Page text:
Pathogenesis

Deregulation of lamin polymerization may lead to pathogenesis via PCD It has been discussed already that lamin B deficient cells undergo untimely death via apoptosis [22] or as proposed via terminal differentiation. Though both the processes normally do not lead to pathogenesis, any mutational activity in lamins can certainly lead pathogenesis. If excessive apoptosis takes place under such conditions, it can give rise to various disorders such as ischemic diseases and neurodegenerative disorders [6].

We have hypothesized the role of lamins in terminal differentiation and any process impairing the normal path of terminal differentiation directly leads to cancer as cancer cells are basically the dedifferentiated form of normal cells. Therefore any deregulation of lamins during the process of terminal differentiation may result in cancer development. In addition to this, malfunctioning of nuclear lamina may give rise to muscular and lipodystrophies [25].

Conclusion

Lamins are playing a crucial role in the assembly of nucleoskeleton and NE and as regulators of PCD. They are acting as a deciding factor for cell survival. All these functions of lamins are dependent on the state of lamin phosphorylation. The key enzyme therefore in this whole process is a protein phosphatase, PP1. Absence of PP1 control for lamin polymerization can cause to cell death via apoptosis. Role of lamins in the PCD by means of terminal differentiation has also been proposed by in this review. Nevertheless, many questions still remain unanswered about lamins and their role in PCD, and need further research. How lamins regulate the process of terminal differentiation? How is apoptosis induced when lamin B are not targeted to NE at the end of mitosis? With newer functions of lamins coming to light and deeper study of PCD mechanisms, these questions will hopefully be answered in near future.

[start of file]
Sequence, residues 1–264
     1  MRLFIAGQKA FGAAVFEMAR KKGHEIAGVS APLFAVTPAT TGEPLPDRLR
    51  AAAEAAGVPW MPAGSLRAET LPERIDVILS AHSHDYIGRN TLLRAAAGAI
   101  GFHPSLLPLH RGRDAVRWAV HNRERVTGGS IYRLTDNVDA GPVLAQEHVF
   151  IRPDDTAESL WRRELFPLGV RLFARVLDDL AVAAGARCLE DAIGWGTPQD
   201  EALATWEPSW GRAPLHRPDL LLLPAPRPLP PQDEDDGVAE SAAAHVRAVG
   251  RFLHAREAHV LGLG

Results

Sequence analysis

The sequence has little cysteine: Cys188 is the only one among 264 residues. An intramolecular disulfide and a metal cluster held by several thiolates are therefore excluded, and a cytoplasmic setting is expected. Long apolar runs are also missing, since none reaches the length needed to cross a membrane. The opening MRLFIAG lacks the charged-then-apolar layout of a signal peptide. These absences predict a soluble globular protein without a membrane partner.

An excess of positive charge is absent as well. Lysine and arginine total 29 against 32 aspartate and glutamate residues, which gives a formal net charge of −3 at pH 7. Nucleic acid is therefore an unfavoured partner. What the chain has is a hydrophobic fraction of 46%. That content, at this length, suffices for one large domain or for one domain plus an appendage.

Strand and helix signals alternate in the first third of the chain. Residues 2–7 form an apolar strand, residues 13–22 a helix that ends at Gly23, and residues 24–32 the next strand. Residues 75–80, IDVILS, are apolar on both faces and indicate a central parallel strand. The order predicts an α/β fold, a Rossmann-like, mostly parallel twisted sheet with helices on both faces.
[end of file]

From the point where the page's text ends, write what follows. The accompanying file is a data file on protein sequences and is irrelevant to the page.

[FIGURE 1 OMITTED]

[FIGURE 2 OMITTED]

References

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Gupta, P.D. and Saumyaa

Department of Biotechnology, Meerut Institute of Engineering and Technology (MIET), Meerut, U.P., India.

Corresponding Author: Dr. P.D. Gupta, Department of Biotechnology. Meerut Institute of Engineering and Technology (MIET), NH-58 by pass, Baghpat crossing, Meerut, 252-005, U.P., India E-mail: pdg2000@hotmail.com
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Title Annotation:Original Article
Author:Gupta, P.D.; Saumyaa
Publication:Advances in Medical and Dental Sciences
Article Type:Report
Geographic Code:9INDI
Date:May 1, 2008